Breast cancer doesn't stop for....

We need your help

Lockdown may be lifting for many, but for someone with a diagnosis of breast cancer those feelings of isolation, loneliness and worry will continue long after restrictions are eased.

Being faced with a diagnosis of cancer means people are struggling with stress, anxiety and depression alongside the often gruelling physical side effects from treatment. In a recent survey of people using our services, nearly 70% felt that their emotional health had been affected by the COVID-19. So it’s vital that Breast Cancer Haven is still here for them, to give them somewhere to turn when they need it the most. 

We're working tirelessly to answer hundreds of calls every week and provide vital support to help the people who need us.

But we can only do this with your help.

Please, will you give a gift now and make sure we can still be here for the people who need us the most?

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Your support means we can:

  • Continue to provide and work to increase our live online support, bringing vital one-to-one therapies and classes to people wherever they are
  • Continue to provide free counselling for close friends and family members of anyone with a breast cancer diagnosis
  • Provide free mental health support for healthcare professionals who have been working tirelessly during this crisis and help them to release feelings of anxiety, and stress
  • Work towards creating a safe plan to restart our hospital outreach services
  • Reopen our remaining centres once it is absolutely safe to do so.

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"My name is Michelle. I work for West Yorkshire Police and I’m an ambassador for Breast Cancer Haven.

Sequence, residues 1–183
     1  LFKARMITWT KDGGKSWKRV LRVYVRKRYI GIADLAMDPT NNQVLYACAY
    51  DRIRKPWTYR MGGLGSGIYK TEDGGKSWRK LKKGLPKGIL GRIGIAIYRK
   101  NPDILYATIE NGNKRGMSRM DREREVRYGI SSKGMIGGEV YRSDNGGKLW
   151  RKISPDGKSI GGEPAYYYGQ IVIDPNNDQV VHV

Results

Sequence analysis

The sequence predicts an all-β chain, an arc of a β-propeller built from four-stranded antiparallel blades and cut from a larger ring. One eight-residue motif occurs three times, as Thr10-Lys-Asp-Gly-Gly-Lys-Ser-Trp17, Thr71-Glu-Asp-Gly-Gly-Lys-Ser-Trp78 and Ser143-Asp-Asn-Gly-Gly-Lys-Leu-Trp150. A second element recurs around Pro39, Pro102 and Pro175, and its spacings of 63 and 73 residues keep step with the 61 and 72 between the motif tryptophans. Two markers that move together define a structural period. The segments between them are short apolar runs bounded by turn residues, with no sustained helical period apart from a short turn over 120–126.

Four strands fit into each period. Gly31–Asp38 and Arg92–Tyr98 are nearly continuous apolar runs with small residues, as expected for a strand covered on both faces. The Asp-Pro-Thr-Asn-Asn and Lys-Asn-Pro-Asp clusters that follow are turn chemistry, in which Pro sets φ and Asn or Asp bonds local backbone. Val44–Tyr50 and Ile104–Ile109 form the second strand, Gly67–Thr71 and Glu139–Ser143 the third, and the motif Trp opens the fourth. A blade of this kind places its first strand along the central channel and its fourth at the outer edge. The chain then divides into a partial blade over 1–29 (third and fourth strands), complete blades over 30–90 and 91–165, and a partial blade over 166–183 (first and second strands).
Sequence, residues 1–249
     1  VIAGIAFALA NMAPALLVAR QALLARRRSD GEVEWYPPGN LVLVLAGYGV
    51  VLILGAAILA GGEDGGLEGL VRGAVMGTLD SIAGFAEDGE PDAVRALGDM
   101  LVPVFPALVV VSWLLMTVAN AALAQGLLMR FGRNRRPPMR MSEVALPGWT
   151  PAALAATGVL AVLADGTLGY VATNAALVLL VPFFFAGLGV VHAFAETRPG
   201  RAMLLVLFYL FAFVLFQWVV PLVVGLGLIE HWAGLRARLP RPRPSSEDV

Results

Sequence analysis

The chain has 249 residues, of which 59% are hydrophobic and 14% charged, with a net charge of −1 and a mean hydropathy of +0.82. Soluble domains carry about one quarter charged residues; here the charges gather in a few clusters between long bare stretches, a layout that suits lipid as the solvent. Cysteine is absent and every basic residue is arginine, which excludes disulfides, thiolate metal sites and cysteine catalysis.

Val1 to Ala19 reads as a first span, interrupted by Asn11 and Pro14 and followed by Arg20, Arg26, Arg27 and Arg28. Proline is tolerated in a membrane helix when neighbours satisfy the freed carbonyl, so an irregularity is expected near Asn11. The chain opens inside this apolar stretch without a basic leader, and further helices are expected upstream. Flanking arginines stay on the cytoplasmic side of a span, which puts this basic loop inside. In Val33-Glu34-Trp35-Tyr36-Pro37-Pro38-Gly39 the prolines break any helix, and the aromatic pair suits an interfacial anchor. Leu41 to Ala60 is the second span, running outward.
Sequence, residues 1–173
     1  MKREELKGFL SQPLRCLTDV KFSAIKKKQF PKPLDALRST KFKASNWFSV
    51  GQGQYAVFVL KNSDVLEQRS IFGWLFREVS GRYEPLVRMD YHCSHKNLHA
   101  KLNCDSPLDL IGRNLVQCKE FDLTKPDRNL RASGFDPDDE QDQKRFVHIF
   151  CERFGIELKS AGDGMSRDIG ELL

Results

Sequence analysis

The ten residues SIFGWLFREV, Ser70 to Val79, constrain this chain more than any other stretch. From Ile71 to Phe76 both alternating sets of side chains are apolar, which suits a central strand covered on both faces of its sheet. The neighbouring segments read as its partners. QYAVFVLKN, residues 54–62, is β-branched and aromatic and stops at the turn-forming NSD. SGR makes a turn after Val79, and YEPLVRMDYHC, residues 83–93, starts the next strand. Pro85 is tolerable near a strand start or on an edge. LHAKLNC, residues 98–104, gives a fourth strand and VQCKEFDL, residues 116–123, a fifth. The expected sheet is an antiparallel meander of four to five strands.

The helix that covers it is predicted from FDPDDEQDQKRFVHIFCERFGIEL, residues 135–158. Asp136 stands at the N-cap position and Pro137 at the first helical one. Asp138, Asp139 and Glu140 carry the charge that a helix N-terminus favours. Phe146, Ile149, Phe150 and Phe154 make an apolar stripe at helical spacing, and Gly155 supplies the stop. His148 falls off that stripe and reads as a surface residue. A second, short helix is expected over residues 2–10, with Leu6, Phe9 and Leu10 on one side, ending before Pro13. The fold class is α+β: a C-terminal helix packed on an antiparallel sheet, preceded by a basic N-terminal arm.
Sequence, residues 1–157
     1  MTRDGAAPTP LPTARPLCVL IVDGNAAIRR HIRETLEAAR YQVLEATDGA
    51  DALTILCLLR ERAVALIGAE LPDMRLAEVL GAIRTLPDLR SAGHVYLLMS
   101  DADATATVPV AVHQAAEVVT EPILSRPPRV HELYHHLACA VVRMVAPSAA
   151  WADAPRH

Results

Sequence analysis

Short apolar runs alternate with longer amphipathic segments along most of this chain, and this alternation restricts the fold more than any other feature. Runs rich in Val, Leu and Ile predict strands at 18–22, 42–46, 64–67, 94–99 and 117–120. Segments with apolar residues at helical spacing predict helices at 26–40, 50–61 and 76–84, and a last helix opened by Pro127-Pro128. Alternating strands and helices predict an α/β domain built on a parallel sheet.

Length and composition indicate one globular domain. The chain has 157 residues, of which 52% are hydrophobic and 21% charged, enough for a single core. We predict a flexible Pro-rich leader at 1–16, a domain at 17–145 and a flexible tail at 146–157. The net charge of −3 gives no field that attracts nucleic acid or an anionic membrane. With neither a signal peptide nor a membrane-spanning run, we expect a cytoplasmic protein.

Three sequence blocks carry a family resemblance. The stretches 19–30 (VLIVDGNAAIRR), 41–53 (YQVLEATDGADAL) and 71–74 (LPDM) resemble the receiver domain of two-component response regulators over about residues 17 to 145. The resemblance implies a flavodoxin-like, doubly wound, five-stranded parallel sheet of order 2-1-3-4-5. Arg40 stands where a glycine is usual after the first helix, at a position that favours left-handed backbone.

There are probably few people who haven’t been touched by cancer. Whether it be via family and friends or personal experience, and most probably a large number by breast cancer. Everyone’s encounter with cancer is different.

I don’t want to dwell too much on my personal experience of cancer itself, more on its impact on me and how Breast Cancer Haven helped me deal with it.

I was diagnosed with breast cancer nearly four years ago.

I had been referred to the hospital by my GP. I’d found something suspicious in my breast. I felt quite well, not poorly or anything, so unusually I was fairly relaxed because I thought the check-up was just a precaution.

On the day of my hospital appointment I went into work first, expecting to be back by lunchtime. But by lunchtime I’d been through a series of diagnostic tests and been given the devastating news that I had in fact got cancer.

Once I heard the word cancer all the rest was a blur. For me the word cancer simply meant there was no hope and no future. The only thoughts I had were for my young daughter who was eight. I was just so devastated about what it could mean for her. My main worry was that I wouldn’t get to see her grow up and reach important milestones in her life.

At that same appointment I was given my potential treatment plan and told I urgently required a DNA test to investigate whether I carried a faulty gene – this type of test suddenly became high profile at the same time with Angelina Jolie revealing that she carried the faulty gene and had taken preventative measures against cancer.

It was all a major blow because I had only just got over a similar experience with my cousin Julie, who’s kindly helping today. She was diagnosed two years earlier and went through a similar gruelling treatment plan as the one which had just been outlined to me – so I thought I knew what was coming. Together we also faced an anxious six week wait to find out whether we carried a faulty gene and would require further preventative treatment – thankfully we didn’t.

Once I started to process all this information and come to terms with the diagnosis, I realised it could be a positive outcome for me and there was hope with surgery to remove the cancer supported by chemotherapy and radiotherapy. I was told I would need to be off work for up to a year.

As a cancer patient, hospital visits take over your life – sometimes up to four visits a week and suddenly the world you feel confident in starts to become very small. Chemotherapy as everyone knows is gruelling. I ticked all the boxes for the nasty side effects, shaving off my hair because it had started to come out.

Physically I stood up to all of this as well as can be expected but the constant hospital appointments, treatment, tests, results and complications began to have a major psychological impact.